Mr. John E. Potter, President & CEO
Mr. William S. McDermott, Chairman, Board of Directors
Metropolitan Washington Airports Authority
Dear Misters Potter and McDermott:
The Alliance for Construction Excellence (ACE*), is in receipt of your letter to the American Subcontractors Association of Metro Washington (ASAMW) dated March 27, 2017 in response to their letter dated four (4) months earlier, November 8, 2016. The lateness of the response, coupled without an explanation as to why it took four (4) months to respond to our mutual serious concerns, is deeply troubling and disrespectful to our business community.
Recent projects in the DC region have led the American Subcontractors Association (ASA) of Metro Washington to make sure its members and all subcontractors are aware of the inherent risks in bidding projects that include an Owner Controlled Insurance Policy (OCIP) and other terms. Specifically:
Owner Controlled Insurance Policy (OCIP) often include a transfer of risk to subcontractors:
- OCIP terms and conditions often flow down from Owner by the GC to subcontractors.
- OCIP general liability deductible: What is reasonable and how will you cover this deductible in case of a loss?
- OCIP general liability claim costs: How will you cover investigative costs, court costs, attorney fees, cost of defense?
- OCIP builders risk deductibles: What level are you prepared to cover if there is a flood, pollution or other items not covered?
- OCIP’s sometimes will not reimburse subcontractors for profit, tax, overhead, insurance, or bonds attributable to repair or replacement work regardless of who is at fault.
Terms and conditions in the General Contractor’s subcontract:
- Be aware of phrases that hold all subcontractors collectively responsible for OCIP deductibles in the event of an Act of God.
- Be aware of phrases that hold all subcontractors collectively responsible for OCIP deductibles in the event the responsible party is not determined.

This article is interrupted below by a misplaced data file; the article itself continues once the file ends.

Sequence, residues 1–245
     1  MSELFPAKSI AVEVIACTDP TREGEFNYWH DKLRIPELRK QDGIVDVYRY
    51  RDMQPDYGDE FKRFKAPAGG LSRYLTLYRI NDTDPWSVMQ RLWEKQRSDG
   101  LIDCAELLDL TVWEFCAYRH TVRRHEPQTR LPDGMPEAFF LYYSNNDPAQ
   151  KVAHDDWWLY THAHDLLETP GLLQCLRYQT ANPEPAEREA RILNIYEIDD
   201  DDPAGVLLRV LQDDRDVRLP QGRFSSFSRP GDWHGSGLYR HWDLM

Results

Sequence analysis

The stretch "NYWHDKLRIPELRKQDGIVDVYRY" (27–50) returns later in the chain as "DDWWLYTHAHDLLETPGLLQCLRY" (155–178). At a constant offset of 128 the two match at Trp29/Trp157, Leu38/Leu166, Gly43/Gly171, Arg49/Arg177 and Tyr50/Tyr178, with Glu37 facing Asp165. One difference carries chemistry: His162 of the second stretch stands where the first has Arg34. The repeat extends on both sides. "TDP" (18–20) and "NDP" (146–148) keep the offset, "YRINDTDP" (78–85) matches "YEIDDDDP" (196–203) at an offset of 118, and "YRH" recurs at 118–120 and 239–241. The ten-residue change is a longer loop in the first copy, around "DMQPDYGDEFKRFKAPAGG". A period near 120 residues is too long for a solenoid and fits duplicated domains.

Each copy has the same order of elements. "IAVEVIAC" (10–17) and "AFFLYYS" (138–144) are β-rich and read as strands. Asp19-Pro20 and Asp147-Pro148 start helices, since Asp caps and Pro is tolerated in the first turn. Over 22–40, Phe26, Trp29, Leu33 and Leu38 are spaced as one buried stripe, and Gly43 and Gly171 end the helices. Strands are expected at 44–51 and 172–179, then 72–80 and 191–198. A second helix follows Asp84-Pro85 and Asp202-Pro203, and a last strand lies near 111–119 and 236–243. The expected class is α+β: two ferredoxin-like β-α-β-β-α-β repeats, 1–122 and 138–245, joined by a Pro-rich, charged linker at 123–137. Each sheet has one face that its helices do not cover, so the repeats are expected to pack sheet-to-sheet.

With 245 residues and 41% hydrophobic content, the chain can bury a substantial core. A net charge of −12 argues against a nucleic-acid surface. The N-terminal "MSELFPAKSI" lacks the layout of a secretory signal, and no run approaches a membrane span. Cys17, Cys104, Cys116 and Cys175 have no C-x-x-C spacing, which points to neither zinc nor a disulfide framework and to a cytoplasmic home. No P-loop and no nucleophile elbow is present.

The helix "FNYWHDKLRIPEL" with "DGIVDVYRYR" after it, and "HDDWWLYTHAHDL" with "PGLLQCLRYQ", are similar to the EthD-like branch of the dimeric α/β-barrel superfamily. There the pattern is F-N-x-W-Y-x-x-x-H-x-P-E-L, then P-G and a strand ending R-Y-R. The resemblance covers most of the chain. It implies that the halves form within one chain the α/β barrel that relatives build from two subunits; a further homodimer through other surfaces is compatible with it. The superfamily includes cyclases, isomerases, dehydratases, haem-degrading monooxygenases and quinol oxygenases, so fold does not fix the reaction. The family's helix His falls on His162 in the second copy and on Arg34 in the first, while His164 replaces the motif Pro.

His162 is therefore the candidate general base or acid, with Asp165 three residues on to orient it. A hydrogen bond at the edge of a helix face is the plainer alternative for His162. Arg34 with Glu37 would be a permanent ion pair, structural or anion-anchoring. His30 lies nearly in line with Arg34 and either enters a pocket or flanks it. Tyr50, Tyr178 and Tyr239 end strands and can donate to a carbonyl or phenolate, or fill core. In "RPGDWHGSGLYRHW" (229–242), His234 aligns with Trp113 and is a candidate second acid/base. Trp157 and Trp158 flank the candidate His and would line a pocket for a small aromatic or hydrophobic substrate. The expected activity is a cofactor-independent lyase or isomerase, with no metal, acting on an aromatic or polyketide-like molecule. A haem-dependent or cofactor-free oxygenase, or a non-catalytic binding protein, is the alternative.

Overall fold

Change order mark ups flow down from Owner by General Contractor to subcontractors:
- Changes due to design defects: What is the mark up on change orders and how will you recover your costs? If not in the bid then you will have to live with the amounts allowed in the subcontract.
- Changes due to differing site conditions: What is the mark up on change orders due to differing site conditions? Again, how will you recover your costs?
Know what you are bidding – protect yourself and your company.
For years, subcontractors have learned to live with slow payments. Most of us expect to pay after we receive a service, have a project completed or obtain an item – like a meal or a new tool, or even a new building. But in the world of construction subcontractors, the company completes its work, pays its employees, vendors, etc and then waits around for 60, 90 days or even longer for payment. One group is trying to make this practice fair. That group is the American Subcontractors Association of Metro Washington.
The result of their efforts is taking shape in the District of Columbia as its Department of General Services prepares to reveal a Website that lists all payments made by the Department of Governmental Services. Once Subcontractors are aware that their prime contractor has been paid, then they can pursue available legal avenues to obtain timely payment for completed work. This results from legislation passed in 2016 that is likely to be a model for similar public displays of payments across the nation.